By Guest Blogger Szymon Serwatka
All photos provided by the author
On Friday, September 13th, 1944, the 15th Air Force targeted the Nazi fuel industry in Silesia, in south-eastern Germany. Over 800 aircraft, half of which were bombers took off from Italy and took the northern heading. The 485th Bomb Group was scheduled to hit Oswiecim/Auschwitz IG Farben synthetic fuel factory. This was the second time this factory was bombed.
The first visit was paid by B-17s of the 5th Bomb Wing (15th Air Force) on August 22nd, 1944. The third and last time Auschwitz IG Farben was attacked was in December 1944.
Bombs hit the target but some fell short and exploded in the Auschwitz I concentration camp area. Several prisoners and fifteen SS-men were killed. The wounded prisoners were placed in the camp hospital where usually deadly experiments were performed. But this time the wounded received flowers and were served proper food.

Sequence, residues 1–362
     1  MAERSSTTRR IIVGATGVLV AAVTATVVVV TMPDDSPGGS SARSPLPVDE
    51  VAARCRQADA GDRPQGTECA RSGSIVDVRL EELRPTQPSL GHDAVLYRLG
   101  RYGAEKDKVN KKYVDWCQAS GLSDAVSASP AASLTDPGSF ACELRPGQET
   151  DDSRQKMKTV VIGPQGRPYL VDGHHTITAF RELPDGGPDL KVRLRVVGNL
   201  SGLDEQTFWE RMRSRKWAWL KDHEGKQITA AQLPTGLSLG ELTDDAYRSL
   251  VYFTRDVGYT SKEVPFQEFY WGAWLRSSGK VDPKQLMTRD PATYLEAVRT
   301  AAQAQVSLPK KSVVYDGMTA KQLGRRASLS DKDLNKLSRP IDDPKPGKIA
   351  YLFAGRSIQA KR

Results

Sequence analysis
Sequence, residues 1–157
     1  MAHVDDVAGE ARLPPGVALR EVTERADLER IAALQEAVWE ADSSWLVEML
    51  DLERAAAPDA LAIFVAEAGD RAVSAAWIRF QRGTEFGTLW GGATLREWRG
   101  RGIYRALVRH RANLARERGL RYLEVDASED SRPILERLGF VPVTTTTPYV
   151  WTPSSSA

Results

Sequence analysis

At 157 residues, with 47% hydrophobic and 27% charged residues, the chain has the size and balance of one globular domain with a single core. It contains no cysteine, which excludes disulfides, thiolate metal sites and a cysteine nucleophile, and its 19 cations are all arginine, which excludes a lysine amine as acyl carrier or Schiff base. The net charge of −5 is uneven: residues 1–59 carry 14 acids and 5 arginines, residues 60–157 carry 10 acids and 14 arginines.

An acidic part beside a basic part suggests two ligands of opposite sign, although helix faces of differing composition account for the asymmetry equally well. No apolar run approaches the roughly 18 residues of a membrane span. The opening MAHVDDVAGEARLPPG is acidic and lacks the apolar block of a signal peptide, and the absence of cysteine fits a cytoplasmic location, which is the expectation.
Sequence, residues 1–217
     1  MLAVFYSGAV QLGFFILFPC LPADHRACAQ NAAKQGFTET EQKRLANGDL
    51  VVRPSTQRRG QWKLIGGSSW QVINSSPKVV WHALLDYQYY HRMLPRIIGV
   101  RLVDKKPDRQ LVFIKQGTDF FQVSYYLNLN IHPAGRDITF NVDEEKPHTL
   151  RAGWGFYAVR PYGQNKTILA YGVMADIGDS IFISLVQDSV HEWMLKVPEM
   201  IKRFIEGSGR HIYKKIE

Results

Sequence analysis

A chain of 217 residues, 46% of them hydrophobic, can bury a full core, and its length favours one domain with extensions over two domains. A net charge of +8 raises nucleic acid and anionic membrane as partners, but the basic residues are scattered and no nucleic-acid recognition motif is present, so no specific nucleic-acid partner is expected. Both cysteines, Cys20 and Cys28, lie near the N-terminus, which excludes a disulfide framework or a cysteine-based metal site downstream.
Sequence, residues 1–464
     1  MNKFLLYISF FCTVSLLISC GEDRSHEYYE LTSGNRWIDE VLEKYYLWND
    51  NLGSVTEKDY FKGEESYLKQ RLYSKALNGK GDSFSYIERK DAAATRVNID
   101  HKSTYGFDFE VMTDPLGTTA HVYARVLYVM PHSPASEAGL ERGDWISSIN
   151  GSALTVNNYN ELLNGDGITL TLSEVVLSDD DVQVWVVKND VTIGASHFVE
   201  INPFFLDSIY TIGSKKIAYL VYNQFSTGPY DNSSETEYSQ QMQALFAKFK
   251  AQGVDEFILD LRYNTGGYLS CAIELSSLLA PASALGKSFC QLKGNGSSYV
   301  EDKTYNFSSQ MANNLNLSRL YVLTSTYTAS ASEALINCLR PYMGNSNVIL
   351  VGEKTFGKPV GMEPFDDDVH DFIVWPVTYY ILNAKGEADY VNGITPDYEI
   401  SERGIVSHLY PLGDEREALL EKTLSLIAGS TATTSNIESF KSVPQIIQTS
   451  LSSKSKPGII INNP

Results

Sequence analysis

The camp commander visited them and he was accompanied by crowds of Nazi journalists and photographers who eagerly documented the “barbarism” of the Allied air forces and the “good” treatment the prisoners received from the Nazis.
Some of the B-24 “Hell’s Angels” crew had bad feelings about the mission because of the date of Friday 13th. But the call to duty and the hope to finish the combat tour soon prevailed, supported by the experience and self-confidence of the airmen. This mission was to be the end of the combat tour for the pilot, Capt. Lawrence, co-pilot Lt. Hall, navigator Lt. Winter, bombardier Lt. Pratt, radio operator Sgt. Eggers, and the tail gunner, Sgt. Nitsche.
After this one, they were to get a ticket home. The other crew members on that mission were the radio navigator, Lt. Canin, lead navigator trainee, Lt. Blodgett, top turret gunner Sgt. Christensen, waist gunner Sgt. Kaplan. The oldest man in the crew was the other waist gunner, Sgt. MacDonald. He was 27 years old, but some of his black hair turned white within these few months of the combat duty.
Navigator Winter remembered that the flight to target was very long – almost four hours. Around midday the formation reached the Initial Point of the bomb run and turned directly towards its target at the altitude of 20000 feet. Over the target, the bombers flew into the flak barrage that lasted seven to eight minutes.